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Electricity or Ethanol: What really powers the world's quickest car?

The title of world's quickest-accelerating car to 60 mph is up for debate as the performance car makers Rimac and Dodge make rivalling claims.

The Rimac Nevera took all the marbles this week.

The $2.2 million Croatian electric "hypercar" laid claim to an astonishing 23 production car performance records that it set in one day.

But at least one of them is up for debate.

The 1,914 horsepower Nevera accelerated from 0 to 60 mph in 1.74 seconds, which beat a previous mark of 1.79 seconds set by the Pinninfarina Battista last year.


It's not that much of a surprise, since the Battista uses the same chassis and powertrain as the Nevera but is designed to be more luxurious.

However, something else happened in between those to events.

This March, Dodge unveiled the Challenger SRT Demon 170, which will be the last V8-powered muscle car it ever builds before launching an all-electric model next year.

The $100,361 coupe's supercharged engine is rated at 900 horsepower when running on gasoline, but filling up the tank with E85 boosts that to 1,025 horsepower, thanks to the higher octane of the ethanol blend.

Using the good stuff, Dodge said the Demon 170 was able to sprint to 60 mph in 1.66 seconds, a figure certified by the NHRA. So, that's the record, right? Well . . . .

Dodge set its mark on a drag strip that had traction compound at the starting line to help with acceleration, while the German test track used by Nevera was bare asphalt. Rimac also engaged the services of two companies to record the car's performance, neither of which was the NHRA.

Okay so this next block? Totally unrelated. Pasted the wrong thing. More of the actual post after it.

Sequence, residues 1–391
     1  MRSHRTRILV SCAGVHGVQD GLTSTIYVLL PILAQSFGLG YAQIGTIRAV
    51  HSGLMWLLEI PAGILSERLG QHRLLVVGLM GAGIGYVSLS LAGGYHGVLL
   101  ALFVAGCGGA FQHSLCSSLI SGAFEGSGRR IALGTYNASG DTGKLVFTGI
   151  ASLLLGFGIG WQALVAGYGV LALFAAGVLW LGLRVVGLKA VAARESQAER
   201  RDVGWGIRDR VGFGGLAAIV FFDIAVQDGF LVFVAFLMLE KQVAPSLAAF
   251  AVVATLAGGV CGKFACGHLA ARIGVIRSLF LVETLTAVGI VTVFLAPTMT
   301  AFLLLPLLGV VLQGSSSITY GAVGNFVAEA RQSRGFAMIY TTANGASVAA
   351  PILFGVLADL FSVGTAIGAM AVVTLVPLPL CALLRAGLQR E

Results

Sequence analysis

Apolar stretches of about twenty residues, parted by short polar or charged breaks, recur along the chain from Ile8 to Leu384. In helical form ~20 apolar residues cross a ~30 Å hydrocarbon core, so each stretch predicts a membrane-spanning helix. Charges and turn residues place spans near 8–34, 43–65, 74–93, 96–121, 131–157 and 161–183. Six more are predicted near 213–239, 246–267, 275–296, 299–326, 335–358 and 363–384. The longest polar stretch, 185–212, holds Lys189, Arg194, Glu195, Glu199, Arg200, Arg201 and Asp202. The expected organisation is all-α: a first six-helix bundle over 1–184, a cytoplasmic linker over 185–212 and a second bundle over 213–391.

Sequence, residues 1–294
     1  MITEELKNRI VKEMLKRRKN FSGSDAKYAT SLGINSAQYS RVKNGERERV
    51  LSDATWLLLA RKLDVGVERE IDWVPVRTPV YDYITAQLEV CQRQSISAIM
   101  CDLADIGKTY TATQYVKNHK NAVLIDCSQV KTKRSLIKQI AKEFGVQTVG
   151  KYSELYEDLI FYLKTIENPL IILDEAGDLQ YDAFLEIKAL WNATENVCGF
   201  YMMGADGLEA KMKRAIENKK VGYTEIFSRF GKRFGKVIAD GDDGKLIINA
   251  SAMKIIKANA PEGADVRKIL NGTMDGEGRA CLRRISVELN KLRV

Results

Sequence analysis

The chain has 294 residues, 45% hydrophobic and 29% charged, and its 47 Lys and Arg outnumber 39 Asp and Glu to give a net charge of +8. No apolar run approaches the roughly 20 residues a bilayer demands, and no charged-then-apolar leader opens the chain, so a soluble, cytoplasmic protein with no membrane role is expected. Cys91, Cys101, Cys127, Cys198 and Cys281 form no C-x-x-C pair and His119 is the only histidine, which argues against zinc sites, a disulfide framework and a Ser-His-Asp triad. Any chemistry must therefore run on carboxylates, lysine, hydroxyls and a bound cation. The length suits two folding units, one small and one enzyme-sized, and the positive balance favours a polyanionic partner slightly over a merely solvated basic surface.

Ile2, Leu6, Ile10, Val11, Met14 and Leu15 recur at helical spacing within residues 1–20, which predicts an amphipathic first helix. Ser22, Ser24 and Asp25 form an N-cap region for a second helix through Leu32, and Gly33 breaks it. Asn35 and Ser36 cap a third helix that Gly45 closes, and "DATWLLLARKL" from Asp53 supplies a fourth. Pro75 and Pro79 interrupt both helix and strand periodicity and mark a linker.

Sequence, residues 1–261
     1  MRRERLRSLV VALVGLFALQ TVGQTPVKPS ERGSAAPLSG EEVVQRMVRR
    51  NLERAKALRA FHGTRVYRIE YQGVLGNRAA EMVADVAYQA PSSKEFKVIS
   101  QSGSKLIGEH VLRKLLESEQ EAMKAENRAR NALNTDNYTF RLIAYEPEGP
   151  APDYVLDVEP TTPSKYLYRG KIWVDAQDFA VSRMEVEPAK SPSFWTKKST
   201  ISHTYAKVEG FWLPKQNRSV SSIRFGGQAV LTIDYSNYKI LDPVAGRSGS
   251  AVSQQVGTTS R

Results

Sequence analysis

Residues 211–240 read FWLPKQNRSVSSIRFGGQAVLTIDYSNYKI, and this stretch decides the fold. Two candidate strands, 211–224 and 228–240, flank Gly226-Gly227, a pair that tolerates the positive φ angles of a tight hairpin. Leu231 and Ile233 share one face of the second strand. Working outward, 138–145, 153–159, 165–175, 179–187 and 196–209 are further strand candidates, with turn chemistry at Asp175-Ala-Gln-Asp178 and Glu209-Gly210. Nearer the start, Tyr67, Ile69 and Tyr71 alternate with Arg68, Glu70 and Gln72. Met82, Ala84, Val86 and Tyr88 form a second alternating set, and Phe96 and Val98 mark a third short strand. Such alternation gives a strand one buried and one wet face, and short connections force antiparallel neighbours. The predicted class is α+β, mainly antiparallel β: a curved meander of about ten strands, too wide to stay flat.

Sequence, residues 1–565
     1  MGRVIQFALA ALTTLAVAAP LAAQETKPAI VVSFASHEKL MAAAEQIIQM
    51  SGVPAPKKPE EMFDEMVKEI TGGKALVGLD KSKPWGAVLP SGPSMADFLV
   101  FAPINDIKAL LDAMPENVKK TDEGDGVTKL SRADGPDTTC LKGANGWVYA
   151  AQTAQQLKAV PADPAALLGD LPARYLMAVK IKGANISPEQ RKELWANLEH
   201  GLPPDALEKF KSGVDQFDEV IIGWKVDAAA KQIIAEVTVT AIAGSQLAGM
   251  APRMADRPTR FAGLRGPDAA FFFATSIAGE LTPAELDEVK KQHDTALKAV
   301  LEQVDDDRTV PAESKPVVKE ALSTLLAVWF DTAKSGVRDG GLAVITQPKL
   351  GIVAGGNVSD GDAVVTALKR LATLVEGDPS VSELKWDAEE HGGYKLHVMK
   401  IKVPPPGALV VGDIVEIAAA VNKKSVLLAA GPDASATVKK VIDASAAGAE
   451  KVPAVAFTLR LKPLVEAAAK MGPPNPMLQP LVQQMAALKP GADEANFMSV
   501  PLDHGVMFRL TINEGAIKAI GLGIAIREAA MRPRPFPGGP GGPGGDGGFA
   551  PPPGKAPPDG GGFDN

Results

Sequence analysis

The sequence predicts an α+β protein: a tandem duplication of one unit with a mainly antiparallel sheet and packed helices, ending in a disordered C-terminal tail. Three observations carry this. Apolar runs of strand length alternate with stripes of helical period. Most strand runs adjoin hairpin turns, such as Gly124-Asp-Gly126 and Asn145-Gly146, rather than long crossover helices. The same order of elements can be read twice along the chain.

Ultimately, there is no single automobile recordkeeping authority, which makes this a bit of a gray area. Even Guinness World Records doesn't currently have one listed for 0-60 mph, according to a spokesperson, so we went straight to the horses' mouths to find out what they had to say about this horsepower race.

"We can’t comment on another company’s claim, but we can confirm the Rimac Nevera achieved a 0-60 mph time of 1.74 seconds on an unprepared surface with road-legal Michelin Cup 2 R tires, verified by two third parties – Dewesoft and Racelogic," Rimac said in a statement given to Fox News Digital. "We believe our record is a significant achievement for a road car, and applaud any other car company working on pushing the limits."


The Demon 170 also used road-legal tires, but they were Mickey Thompson drag radials, which are nearly slick and primarily designed to optimize acceleration, while the Nevera's Michelin's provide more all-around performance.

Dodge CEO Tim Kuniskis raised a different point about the Nevera's record, but was also complimentary of its achievement.

"I'm not sure a car that costs $2.2M is a ‘production car’ . . . but, there is no taking away from the incredible engineering -- congratulations," Kuniskis told Fox News Digital.

What's less disputable is the Nevera's claimed quarter-mile acceleration time of 8.25 seconds, which beat the Demon 170s 8.9-second run by a wide margin.

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